• Strategic competence: ability to compensate for imperfect knowledge of linguistic, sociolinguistic and discourse rules.
focus of fl teaching
Focus of FL teaching
  • Theoretical focus
    • How do learners learn?
    • What do they learn?
  • Methodological focus
    • What are learners’ “needs”?
      • First step: Needs analysis
communicative language teaching
Communicative Language Teaching
  • Meaningful, goal oriented use of target language—focus on the “active” learner;
  • Language input is vital, grammar explanations may help;
  • Some errors are creations of productive engagement with input;
  • Teacher’s role: selection of material and tasks, facilitator.
clt methodology
CLT: Methodology
  • Mainly TL use in class
  • Optimal use of L1; code-switching
  • Authentic texts
  • Focus on “functions” (in addition to grammar and vocabulary)
  • Group and paired activity
    • Meaningful and realistic interactions
competing methodologies
Competing Methodologies
  • Input processing: Input => Intake
    • PPP model:
      • Presentation-practice-production
    • OHE model:
      • Observe-hypothesize-experiment
appropriate texts
APPROPRIATE TEXTS
  • Authentic, but what are they?
    • *Making travel arrangements, going to bars, eating out, booking into hotels, buying gas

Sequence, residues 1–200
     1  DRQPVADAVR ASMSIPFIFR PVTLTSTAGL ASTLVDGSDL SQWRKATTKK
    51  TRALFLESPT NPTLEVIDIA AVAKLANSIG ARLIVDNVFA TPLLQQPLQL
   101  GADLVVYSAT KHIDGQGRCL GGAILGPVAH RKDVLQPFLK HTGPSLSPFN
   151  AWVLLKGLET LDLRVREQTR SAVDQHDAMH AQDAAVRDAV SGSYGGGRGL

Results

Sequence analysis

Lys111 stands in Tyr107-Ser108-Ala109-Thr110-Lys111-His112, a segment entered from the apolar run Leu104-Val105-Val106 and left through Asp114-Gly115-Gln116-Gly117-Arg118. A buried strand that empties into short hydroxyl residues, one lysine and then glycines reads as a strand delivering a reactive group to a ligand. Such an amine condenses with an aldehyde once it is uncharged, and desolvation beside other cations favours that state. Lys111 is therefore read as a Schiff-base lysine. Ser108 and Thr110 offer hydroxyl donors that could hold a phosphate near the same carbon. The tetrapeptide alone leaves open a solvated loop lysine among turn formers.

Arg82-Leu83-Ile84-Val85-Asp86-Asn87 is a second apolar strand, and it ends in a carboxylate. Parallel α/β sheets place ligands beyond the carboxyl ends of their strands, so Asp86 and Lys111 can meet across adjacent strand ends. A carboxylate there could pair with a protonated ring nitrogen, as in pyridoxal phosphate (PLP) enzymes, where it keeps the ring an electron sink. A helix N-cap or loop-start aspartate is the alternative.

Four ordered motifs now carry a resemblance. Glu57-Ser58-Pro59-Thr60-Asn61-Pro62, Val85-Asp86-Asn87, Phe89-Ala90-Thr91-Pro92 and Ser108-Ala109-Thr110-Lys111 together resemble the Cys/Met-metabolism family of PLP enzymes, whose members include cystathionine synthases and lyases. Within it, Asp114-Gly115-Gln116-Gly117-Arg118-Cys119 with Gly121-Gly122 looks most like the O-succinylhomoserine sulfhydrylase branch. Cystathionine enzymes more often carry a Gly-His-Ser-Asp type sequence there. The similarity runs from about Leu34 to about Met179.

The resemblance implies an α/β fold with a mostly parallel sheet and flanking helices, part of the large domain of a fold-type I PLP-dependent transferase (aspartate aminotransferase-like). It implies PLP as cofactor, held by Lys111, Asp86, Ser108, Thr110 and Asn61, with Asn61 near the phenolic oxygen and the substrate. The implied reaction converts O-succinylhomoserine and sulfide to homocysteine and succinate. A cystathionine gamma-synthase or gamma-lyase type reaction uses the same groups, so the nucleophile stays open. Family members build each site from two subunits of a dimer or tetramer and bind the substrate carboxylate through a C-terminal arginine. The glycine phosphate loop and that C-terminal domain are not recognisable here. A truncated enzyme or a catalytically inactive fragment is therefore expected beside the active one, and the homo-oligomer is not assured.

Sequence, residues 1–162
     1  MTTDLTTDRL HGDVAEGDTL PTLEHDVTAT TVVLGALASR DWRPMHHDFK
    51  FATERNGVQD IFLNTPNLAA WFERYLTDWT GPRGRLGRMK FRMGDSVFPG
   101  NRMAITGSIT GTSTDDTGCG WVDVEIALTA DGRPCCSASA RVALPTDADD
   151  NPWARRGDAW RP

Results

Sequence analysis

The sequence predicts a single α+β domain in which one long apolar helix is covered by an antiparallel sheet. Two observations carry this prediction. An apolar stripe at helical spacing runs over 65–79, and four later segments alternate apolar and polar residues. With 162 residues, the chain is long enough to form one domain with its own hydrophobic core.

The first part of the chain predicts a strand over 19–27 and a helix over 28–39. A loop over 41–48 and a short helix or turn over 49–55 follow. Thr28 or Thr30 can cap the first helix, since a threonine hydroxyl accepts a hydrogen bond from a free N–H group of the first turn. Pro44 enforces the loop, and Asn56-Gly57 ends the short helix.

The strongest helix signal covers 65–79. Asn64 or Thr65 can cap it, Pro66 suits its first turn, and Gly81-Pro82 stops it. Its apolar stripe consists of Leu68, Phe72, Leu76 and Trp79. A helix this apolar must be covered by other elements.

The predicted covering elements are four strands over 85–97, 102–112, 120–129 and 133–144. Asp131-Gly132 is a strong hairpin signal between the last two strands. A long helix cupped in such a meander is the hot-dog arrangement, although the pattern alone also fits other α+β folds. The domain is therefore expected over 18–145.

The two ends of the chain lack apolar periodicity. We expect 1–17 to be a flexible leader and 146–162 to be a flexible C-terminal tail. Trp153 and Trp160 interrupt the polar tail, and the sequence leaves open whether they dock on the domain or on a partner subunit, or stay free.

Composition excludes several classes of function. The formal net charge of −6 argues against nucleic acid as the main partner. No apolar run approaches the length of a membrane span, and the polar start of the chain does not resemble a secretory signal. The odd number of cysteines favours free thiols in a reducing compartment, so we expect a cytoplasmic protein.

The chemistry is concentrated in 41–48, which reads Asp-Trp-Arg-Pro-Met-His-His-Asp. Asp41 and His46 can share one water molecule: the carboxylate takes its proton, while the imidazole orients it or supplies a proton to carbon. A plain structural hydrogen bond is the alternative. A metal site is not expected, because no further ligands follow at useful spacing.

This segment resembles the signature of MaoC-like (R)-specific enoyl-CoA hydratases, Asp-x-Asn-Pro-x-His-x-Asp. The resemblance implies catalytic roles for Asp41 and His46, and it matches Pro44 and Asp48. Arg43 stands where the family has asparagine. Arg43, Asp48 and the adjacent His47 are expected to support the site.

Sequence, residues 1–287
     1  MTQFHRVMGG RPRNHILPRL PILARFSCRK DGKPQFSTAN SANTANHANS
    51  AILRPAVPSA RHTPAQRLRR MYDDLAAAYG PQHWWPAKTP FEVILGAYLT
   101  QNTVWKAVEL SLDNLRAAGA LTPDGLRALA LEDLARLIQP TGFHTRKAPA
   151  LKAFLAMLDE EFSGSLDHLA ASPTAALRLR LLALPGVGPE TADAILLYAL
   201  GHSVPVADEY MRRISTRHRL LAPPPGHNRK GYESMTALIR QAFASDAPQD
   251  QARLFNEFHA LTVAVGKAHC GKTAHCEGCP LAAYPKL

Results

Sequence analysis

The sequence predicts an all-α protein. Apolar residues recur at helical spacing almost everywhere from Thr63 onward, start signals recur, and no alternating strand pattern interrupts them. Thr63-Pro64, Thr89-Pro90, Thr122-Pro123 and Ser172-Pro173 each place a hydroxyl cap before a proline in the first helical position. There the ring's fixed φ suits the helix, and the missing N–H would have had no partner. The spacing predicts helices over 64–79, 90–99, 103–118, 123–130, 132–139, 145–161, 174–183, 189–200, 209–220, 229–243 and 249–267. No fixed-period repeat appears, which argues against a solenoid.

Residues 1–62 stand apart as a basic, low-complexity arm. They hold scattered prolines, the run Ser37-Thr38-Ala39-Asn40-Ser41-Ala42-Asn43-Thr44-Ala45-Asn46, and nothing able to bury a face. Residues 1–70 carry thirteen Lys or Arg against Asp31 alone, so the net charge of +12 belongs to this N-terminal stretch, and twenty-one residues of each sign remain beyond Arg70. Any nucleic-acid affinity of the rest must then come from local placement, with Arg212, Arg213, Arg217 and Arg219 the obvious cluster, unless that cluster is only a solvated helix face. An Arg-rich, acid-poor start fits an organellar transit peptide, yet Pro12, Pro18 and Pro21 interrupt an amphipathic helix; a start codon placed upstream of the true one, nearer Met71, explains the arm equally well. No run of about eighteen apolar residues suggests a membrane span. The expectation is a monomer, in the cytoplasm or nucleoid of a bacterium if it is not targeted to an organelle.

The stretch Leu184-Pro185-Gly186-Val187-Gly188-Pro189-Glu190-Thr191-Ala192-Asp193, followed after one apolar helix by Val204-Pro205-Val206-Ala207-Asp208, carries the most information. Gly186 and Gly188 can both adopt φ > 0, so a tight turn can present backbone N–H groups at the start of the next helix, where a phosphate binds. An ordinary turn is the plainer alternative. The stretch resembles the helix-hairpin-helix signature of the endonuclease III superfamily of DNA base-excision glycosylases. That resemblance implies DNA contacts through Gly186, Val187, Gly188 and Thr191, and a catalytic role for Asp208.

• Focus on the culture(s) of the TL
      • An essay on cricket?
    • Whose culture?
diglossic variation
Diglossic Variation
  • Bengali: Calit bhasha vs. Sadhu bhasha
  • Tamil: Colloquial vs. Literary
  • Also Kannada, Malayalam, Telugu
  • What about Hindi?
hindi language variation
Hindi Language Variation
  • Eastern vs. Western
  • Hindi vs. Urdu vs. Hindustani
  • Polyglossic variation
    • paati, ciThii, <khat>, patr, <letter>
hindi use and identity
Hindi: Use and Identity
  • maine janaa hai <> mujhko janaa hai
  • aap caay piyeNgee <> aap caay piyoge
  • kyaa ek gilaas shiital jal uplabdh hogaa
appropriate contexts
APPROPRIATE CONTEXTS
  • Learning SALs as:
    • Foreign Languages
    • Less Commonly Taught Languages
    • Heritage Languages
sal as foreign language
SAL as Foreign Language
  • Affective Variables: Needs “Needs Analysis”
  • Motivation?
    • Integrative and/or Instrumental
  • Attitude?
    • Positive or negative
sal as heritage language
SAL as Heritage Language
  • Heritage and cognate-heritage
  • Motivation?
    • Ethno-linguistic identity
    • Maintenance of cultural practices
    • Pop culture
hl and fl the vital difference
HL and FL: the vital difference
  • Input processing
    • Strategies and mechanisms that promote form-meaning connections during comprehension
  • Cross-language (and skills) transfer effects
    • Sociolinguistic competence